Before the release of the Ezra Miller-led film, Gunn had clarified that it would "resets many things, not all things," and "some characters" would stay after the reboot. Co-CEO Peter Safran also said that the upcoming reboot would "take some sort of explanation," assuming that The Flash would be it.
However, the explanation of time travel and the film's ending doesn't add up to a reset of the DCEU that would naturally lead to a DCU reboot.
How Time Travel Works in The Flash
When Miller's Barry Allen traveled to the past to undo his mother's death in The Flash, he mistakenly believed that he would have created a branching timeline, similar to Back to the Future or Avengers: Endgame:
"I traveled back in time from here to here, yet, somehow, everything's all changed back here, like when you were born."
Of course, using a spaghetti metaphor, Michael Keaton's Bruce Wayne corrected him while also referring to potentially both films' interpretations of time travel.
"Well, time isn't linear, right? At some point, you probably saw a movie that told you if you went back and changed the past, you create a kind of branched timeline, right?"
Instead, Wayne explained a form of time travel atypical of sci-fi films: the idea that changing the future, therefore, changes the past and vice versa, more commonly known as retrocausality:
"When you go back and change the past, you create a fulcrum. You put yourself on a whole 'nother strand of spaghetti. New future. New past. It's retrocausal. It goes both ways"
Yes, it's a unique and fun form of time travel that's not commonly used in films and makes sense in a vacuum, but it doesn't truly allow The Flash to reboot the DCEU like Gunn or Safran suggested.
The Ending Isn't Really a Reset
It's blatantly obvious that this method of rewriting history would have fit into the original plans for the DCEU set in place by Walter Hamada, but those plans became obsolete when Gunn and Safran came in.
The Flash originally ended with Keaton's Bruce and Sasha Calle's Supergirl being alive again, establishing that Barry had once again changed things. However, that (and many other) endings were scrapped and replaced with a Geroge Clooney cameo.
Gunn already confirmed that Clooney won't be the new Batman in the DCU, which means Miller's Barry didn't even end up in Gunn's new universe. It's understandable why it was basically impossible for the ending to truly set up the DCU, but it still feels misleading for him to say it would.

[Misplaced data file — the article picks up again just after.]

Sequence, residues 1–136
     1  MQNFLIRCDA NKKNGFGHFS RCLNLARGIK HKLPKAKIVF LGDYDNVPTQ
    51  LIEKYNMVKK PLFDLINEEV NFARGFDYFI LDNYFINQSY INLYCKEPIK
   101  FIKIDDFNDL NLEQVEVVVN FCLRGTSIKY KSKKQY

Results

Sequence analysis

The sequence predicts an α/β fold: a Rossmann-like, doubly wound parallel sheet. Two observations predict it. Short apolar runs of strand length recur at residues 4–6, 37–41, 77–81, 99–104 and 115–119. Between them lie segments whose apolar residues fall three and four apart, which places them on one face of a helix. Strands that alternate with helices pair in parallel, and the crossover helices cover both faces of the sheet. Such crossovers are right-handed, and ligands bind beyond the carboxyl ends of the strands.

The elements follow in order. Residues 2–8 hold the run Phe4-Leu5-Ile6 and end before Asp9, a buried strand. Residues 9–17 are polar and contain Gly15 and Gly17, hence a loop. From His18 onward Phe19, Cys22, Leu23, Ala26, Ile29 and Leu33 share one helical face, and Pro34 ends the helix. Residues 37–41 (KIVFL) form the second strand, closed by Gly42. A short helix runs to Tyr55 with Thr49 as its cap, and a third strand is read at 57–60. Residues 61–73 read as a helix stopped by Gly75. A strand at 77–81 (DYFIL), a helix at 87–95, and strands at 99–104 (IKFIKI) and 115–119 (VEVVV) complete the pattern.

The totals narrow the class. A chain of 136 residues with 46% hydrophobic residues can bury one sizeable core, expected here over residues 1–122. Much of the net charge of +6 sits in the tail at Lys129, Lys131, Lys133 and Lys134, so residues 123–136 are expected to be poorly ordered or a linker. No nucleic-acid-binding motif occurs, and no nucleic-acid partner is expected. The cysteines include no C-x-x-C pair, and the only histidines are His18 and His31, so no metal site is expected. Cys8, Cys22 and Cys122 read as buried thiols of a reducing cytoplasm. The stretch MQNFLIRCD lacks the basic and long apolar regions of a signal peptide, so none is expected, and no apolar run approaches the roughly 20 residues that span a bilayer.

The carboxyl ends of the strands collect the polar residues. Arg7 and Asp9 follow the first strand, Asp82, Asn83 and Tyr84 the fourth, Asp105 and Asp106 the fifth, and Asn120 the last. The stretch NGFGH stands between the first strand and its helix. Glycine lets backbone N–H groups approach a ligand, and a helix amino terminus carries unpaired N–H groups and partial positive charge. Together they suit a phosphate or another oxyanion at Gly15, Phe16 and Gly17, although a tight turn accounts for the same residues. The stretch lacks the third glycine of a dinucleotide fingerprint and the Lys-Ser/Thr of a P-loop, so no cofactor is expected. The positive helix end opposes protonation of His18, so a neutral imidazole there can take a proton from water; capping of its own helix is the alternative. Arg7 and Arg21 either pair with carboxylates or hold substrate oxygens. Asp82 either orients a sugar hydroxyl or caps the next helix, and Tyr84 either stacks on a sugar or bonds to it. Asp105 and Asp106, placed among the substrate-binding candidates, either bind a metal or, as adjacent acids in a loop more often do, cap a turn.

He's the co-CEO of DC Studios and has to sell these movies to audiences, even if it means exaggerating certain details. Fortunately, two words from Keaton's Bruce and a shoddy post-credits scene could give him and Safran an out.
James Gunn and Peter Safran's Out
After Keaton's Bruce explained to Barry how time travel actually worked, he continued his spaghetti metaphor to describe the Multiverse:
"What you did was change the future and you changed the past. If a person is stupid enough to mess with time, what you eventually end up with is this: the Multiverse"
But what's important is how, according to him, some universes ran "almost parallel" while others could be "wildly divergent:".
"Some strains run almost parallel, there will be inevitable intersections, and others that are just wildly divergent..."
Those two words, "wildly divergent," are the out Gunn and Safran need for the latter's "explanation" of the reboot not to be completely untrue. After all, the new DCU could very well be one of those "wildly divergent" universes Bruce mentioned, which is also why some actors will still stick around.
No. No, no, no. 'Cause what I'm trying to explain, as simply as I possibly can, I promise — they were all Batman. They were all Bruce Wayne. But each of them is a completely different person!
How Barry references "all" the Bruce Waynes seems inappropriate if he's only talking about Affleck and Keaton and he's still in the Clooney universe. So, it's possible that in this post-credit scene, Barry tried to return to his universe again, only to end up in the DCU.
Regardless, considering how The Flash has been an unmitigated box office disaster, it's doubtful that audiences will ever see Miller's Barry again. The film isn't the big reboot that was promised, but it had nuggets of exposition that gave audiences a semblance of an explanation.
The Flash is currently playing in theaters.